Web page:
Electric sparks may alter evolution of lunar soil

August 22, 2014 8:18 am | by David Sims, Institute for the Study of Earth, Oceans and Space, Univ. of New Hampshire | News | Comments

The moon appears to be a tranquil place, but modeling done by Univ. of New Hampshire and NASA scientists suggests that, over the eons, periodic storms of solar energetic particles may have significantly altered the properties of the soil in the moon’s coldest craters through the process of sparking—a finding that could change our understanding of the evolution of planetary surfaces in the solar system.

Laser device may end pin pricks for diabetics

August 22, 2014 8:07 am | by John Sullivan, Office of Engineering Communications, Princeton Univ. | News | Comments

Princeton Univ. researchers have developed a way to use a laser to measure people's blood sugar, and, with more work to shrink the laser system to a portable size, the technique could allow diabetics to check their condition without pricking themselves to draw blood.

Clues uncovered to role of magnetism in iron-based superconductors

August 22, 2014 7:57 am | by Morgan McCorkle, Oak Ridge National Laboratory | News | Comments

New measurements of atomic-scale magnetic behavior in iron-based superconductors by researchers at Oak Ridge National Laboratory and Vanderbilt Univ. are challenging conventional wisdom about superconductivity and magnetism. The study provides experimental evidence that local magnetic fluctuations can influence the performance of iron-based superconductors, which transmit electric current without resistance at relatively high temperatures.

Researchers map quantum vortices inside superfluid helium nanodroplets

August 22, 2014 7:41 am | by Kate Greene, Lawrence Berkeley National Laboratory | News | Comments

Scientists have, for the first time, characterized so-called quantum vortices that swirl within tiny droplets of liquid helium. The research, led by scientists at Lawrence Berkeley National Laboratory, the Univ. of Southern California and SLAC National Accelerator Laboratory, confirms that helium nanodroplets are in fact the smallest possible superfluidic objects and opens new avenues for studying quantum rotation.

Scientists develop water splitter that runs on ordinary AAA battery

August 22, 2014 7:27 am | by Mark Shwartz, Stanford Univ. | Videos | Comments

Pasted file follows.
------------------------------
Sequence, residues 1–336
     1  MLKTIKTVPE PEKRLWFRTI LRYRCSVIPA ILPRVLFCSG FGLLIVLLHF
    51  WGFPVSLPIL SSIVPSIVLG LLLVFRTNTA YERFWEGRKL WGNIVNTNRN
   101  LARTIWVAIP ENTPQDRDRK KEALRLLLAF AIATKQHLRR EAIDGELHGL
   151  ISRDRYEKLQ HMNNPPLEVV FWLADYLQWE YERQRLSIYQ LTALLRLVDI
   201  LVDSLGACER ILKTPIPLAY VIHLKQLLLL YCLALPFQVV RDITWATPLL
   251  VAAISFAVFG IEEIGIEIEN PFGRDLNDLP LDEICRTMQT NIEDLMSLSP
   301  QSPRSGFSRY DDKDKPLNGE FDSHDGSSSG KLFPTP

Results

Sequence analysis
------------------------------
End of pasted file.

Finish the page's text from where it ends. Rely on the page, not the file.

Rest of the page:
In 2015, American consumers will finally be able to purchase fuel cell cars from Toyota and other manufacturers. Although touted as zero-emissions vehicles, most of the cars will run on hydrogen made from natural gas, a fossil fuel that contributes to global warming. Now scientists at Stanford Univ. have developed a low-cost, emissions-free device that uses an ordinary AAA battery to produce hydrogen by water electrolysis.

American Ebola doctor urges help fighting outbreak

August 22, 2014 4:25 am | by Kathleen Foody - Associated Press - Associated Press | News | Comments

As one of few Ebola survivors with medical expertise, Dr. Kent Brantly seems keenly aware of the position his painful experience has put him in. He hasn't spoken yet about his plans, but spent much of his first public appearance pleading for help for countries still struggling with the virus.

Study: Combining vaccines boosts polio immunity

August 21, 2014 3:25 pm | by Lauran Neergaard - AP Medical Writer - Associated Press | News | Comments

New research suggests a one-two punch could help battle polio in some of the world's most remote and strife-torn regions: Giving a single vaccine shot to children who've already swallowed drops of an oral polio vaccine greatly boosted their immunity. The World Health Organization officials said the combination strategy already is starting to be used in mass vaccination campaigns in some hard-hit areas.

Researchers use 3-D printers to create custom medical implants

August 21, 2014 10:18 am | by Dave Guerin, Louisiana Tech Univ. | News | Comments

A team of researchers at Louisiana Tech Univ. has developed an innovative method for using affordable, consumer-grade 3-D printers and materials to fabricate custom medical implants that can contain antibacterial and chemotherapeutic compounds for targeted drug delivery.